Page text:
A Christmas party and the company’s branch is on the rocks after the CEO has determined that the branch is underperforming. To woo a potential client (and prove that the branch performs well), the most awesome wildest craziest Christmas party is thrown. Antics ensue with an all-star cast, no less.
In chat, we discuss our perspectives on Office Christmas Party. The transcript below has been lightly edited.
jennism (Jenn Ng): So are you ready to PARTY?
taiche (Chris Tai): Our next movie is something that’s been happening a lot around this time of the year: the eponymous OFFICE CHRISTMAS PARTY!
A sort of blend of The Hangover and Office Space for the corporate clientele.
jennism: This HUGE party reminds me of some corporate perks that I missed out on. Despite working in Silicon Valley, I have yet to attend a huge holiday party as shown in this movie. My personal experience has been just a nice expensive dinner.
taiche: I feel like few have.. or at least maybe the size, but not the mayhem. On the other hand, I’ve been to some… including lavish spendy ones. But also the awkward mid-tier white collar office park ones.
jennism: I have heard of the lavish ones that Google and Facebook hosts. Likely lampooned in the HBO show, Silicon Valley
Office Christmas Party has an all-star cast. In terms of great comedy players
taiche: And echoes of SV, a (admittedly superior) show can be found here. It’s a literal who’s who of comedy television players
jennism: Of course we got our faves: Jason Bateman and Aniston
taiche: People from Arrested Development, Friends, SNL, Silicon Valley, Fresh Off The Boat, etc etc…. and Olivia Munn (and to an ever lesser extent Jamie Chung).
The latter two seem to be only present as window dressing.
jennism: And don’t forget Rob Corddry channel his eager character from HBO’s Ballers
taiche: Jason Bateman can do this role in his sleep.. he’s the go-to guy for the “normal” schlub forced to be the straight man for the wacky cast assembled around him. Haha, yes, basically playing what I at this point would imagine Rob Corddry would be in real life.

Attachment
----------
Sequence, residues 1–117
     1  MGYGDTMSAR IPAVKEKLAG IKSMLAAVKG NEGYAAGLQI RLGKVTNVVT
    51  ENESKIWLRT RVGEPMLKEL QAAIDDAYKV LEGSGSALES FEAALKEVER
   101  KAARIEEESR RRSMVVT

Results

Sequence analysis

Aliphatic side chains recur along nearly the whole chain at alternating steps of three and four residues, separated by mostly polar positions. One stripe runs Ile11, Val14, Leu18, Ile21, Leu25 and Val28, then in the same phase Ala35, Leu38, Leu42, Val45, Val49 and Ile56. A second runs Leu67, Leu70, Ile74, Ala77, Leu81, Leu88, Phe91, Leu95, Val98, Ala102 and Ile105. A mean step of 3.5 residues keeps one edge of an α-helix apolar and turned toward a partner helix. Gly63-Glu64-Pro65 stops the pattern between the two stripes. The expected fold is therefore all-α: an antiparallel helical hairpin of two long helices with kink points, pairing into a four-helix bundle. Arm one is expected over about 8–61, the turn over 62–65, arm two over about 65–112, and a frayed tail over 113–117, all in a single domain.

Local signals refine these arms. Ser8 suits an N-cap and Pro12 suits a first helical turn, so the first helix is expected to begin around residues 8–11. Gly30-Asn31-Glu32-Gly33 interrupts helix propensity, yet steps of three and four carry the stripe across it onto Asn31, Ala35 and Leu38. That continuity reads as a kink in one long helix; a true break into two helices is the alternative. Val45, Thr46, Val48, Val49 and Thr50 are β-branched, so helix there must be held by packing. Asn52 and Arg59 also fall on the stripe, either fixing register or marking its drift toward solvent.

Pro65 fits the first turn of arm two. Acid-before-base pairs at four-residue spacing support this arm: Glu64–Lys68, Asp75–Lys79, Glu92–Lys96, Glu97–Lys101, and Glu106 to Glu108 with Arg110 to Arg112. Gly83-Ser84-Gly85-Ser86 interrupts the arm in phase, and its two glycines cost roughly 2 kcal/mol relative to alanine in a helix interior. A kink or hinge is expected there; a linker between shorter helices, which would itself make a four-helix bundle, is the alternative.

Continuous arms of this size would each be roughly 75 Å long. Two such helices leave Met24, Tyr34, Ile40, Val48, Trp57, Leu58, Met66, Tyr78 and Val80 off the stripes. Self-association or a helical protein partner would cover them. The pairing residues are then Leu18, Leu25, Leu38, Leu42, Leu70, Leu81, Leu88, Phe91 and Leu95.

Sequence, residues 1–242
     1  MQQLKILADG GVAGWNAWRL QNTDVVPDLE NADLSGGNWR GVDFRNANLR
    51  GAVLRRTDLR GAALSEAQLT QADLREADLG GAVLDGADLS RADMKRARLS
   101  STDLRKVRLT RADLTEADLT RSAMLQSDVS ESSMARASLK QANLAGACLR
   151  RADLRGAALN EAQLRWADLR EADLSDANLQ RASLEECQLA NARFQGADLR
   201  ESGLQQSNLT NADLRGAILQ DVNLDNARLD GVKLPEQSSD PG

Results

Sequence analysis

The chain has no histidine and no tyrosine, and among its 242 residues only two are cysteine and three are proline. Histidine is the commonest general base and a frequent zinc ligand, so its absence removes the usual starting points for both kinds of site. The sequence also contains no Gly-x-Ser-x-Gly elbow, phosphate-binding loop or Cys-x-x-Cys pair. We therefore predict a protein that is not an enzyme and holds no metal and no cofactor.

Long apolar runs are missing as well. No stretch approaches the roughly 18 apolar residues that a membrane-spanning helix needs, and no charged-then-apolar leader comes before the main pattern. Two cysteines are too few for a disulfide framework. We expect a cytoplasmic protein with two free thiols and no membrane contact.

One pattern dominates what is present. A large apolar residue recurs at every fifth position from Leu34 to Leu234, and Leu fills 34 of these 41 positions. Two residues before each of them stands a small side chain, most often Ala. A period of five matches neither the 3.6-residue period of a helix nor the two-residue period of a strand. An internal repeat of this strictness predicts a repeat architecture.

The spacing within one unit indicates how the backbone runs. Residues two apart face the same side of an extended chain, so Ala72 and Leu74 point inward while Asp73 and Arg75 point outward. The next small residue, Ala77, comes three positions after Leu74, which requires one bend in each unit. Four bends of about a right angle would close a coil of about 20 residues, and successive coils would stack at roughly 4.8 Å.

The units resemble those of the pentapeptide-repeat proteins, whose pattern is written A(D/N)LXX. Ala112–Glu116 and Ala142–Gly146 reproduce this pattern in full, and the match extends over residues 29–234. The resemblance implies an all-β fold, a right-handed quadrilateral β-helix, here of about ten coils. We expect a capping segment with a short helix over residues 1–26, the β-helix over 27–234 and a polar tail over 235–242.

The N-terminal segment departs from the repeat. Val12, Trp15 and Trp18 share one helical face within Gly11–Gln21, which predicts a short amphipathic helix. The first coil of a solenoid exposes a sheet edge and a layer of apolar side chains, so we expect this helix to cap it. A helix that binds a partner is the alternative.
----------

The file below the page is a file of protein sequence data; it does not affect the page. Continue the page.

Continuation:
jennism: There are some comedy players that just fit within their standard role, which works well in this movie
taiche: So the story is a bit formulaic… kind of like a Revenge of the Nerds meets Project X… throw the craziest party ever. And push the boundaries of the R-rating in theory.
jennism: But I have to say something: DIVERSITY
We talk so much about the issues of gender and ethnicity. And here is an office that actually has DIVERSITY
taiche: Yes! I appreciated that! Even with my digs about OM and JC, there were other females that made their presence a lot more noteworthy.
jennism: This chicago office even has a male asian american!
taiche: Altho he’s got his own parental issues, to put it mildly. (this is in reference to Randall Park’s character… aka the new hire)
The reasons of the titular party are somewhat irrelevant… good leader with heart of gold wants to keep the office together from the evil leader with machinations to shut it all down.
jennism: Women in leadership roles! Women who are expected to be leaders. Although Olivia Munn as the lead engineer was surprising. Does she work well playing that role?
taiche: Well, she was passable here… I’ve always been torn on her. She can do good things, but she’s often too willing to appeal to the lowest common denominator… like her G4 highlights of her swallowing things
jennism: I wasn’t aware of her role as “the geeky girl”, so to me, it felt miscast
taiche: It’s nice to have a female in the role, but she didn’t stand out (even if her work is instrumental to the plot) and I thought she had little chemistry with Jason Bateman. She’s often been typecast as “the hot chick that nerds get in a tizzy over.”
jennism: There was a scene where she was dancing in a fat suit with Jason Bateman’s Josh Parker, the lead technial director
taiche: But she’s contributed to it just as much as anyone else.
jennism: It was a silly scene, but overall, felt uncomfortable
taiche: I enjoyed that scene. It felt… genuine. Too many things in the movie were setups for later things.